HTF III, an example is probably the best way to show you how the chart is used.
Let's say you've made a satisfactory exposure at a particular enlarger height and want to now make a larger print from the same negative. Before you increase the enlarge height, measure the current easel-to-lens (lensboard is close enough) distance. This is read on the horizontal scale. Now raise the head as desired for the larger print and again measure this distance, which is read on the vertical scale. Then find where the two readings intersect in the family of curves and note which of the 'ray-lines' is closest to that intersection. That 'ray-line' tells you how many stops (or fraction of a stop) to increase the original exposure time. The 'ray-lines' range from 0 (no change) to 2 (two stops), with intermediate changes shown in increments of 1/6-stop.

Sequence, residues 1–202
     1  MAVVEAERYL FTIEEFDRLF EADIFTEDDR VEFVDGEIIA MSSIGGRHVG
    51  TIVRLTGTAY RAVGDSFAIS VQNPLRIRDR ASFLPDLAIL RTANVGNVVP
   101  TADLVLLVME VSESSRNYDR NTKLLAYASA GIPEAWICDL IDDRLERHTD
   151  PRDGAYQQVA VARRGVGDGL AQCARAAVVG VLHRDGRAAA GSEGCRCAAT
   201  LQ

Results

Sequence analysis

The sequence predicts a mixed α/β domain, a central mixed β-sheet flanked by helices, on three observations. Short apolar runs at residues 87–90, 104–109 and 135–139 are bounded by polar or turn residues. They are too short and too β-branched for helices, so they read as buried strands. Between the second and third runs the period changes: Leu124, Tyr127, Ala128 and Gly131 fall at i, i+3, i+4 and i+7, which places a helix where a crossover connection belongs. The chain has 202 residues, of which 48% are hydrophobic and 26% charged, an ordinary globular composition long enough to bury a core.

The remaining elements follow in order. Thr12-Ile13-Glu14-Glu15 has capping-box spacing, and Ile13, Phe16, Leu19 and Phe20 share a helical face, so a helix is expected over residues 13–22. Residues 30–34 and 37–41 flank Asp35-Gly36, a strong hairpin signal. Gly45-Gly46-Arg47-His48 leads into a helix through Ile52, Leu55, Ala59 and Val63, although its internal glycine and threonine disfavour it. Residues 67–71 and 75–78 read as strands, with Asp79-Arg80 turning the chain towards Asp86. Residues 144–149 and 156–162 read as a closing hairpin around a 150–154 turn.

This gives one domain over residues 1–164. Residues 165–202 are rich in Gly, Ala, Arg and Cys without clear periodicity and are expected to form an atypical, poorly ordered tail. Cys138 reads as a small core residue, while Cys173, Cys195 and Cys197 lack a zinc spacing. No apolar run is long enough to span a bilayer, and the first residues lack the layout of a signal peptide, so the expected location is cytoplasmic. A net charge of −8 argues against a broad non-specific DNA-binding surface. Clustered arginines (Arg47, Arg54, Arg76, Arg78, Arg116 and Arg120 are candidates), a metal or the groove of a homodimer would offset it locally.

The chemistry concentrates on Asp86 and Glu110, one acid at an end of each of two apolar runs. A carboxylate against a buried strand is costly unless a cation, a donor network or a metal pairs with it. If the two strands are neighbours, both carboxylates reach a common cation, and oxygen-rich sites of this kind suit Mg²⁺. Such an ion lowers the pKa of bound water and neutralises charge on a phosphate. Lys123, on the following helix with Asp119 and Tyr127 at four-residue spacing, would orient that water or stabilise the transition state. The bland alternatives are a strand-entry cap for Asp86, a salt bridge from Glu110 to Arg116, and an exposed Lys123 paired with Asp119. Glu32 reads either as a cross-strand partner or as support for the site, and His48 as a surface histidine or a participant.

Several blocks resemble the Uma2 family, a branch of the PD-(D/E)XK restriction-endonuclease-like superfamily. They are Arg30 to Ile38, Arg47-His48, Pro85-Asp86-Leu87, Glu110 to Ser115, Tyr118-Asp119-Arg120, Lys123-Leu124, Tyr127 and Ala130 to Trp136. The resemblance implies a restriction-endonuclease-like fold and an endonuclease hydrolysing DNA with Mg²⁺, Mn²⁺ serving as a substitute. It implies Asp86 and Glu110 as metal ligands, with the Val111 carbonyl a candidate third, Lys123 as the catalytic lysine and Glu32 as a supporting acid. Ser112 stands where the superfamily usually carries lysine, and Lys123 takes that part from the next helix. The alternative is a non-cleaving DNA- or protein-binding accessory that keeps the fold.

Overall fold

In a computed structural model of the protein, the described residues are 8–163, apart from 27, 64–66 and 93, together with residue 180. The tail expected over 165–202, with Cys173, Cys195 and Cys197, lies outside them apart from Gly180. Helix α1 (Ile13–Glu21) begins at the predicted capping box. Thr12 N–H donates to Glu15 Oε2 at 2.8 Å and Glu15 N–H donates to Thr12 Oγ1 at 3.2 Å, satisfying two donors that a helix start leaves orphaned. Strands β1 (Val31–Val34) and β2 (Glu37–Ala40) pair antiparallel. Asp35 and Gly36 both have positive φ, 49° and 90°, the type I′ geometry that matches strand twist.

This will get you close enough to the new exposure, but you'll likely want to do another test strip anyway at the higher head setting to fine-tune this result. As stated on the chart, paper reciprocity can affect this new exposure.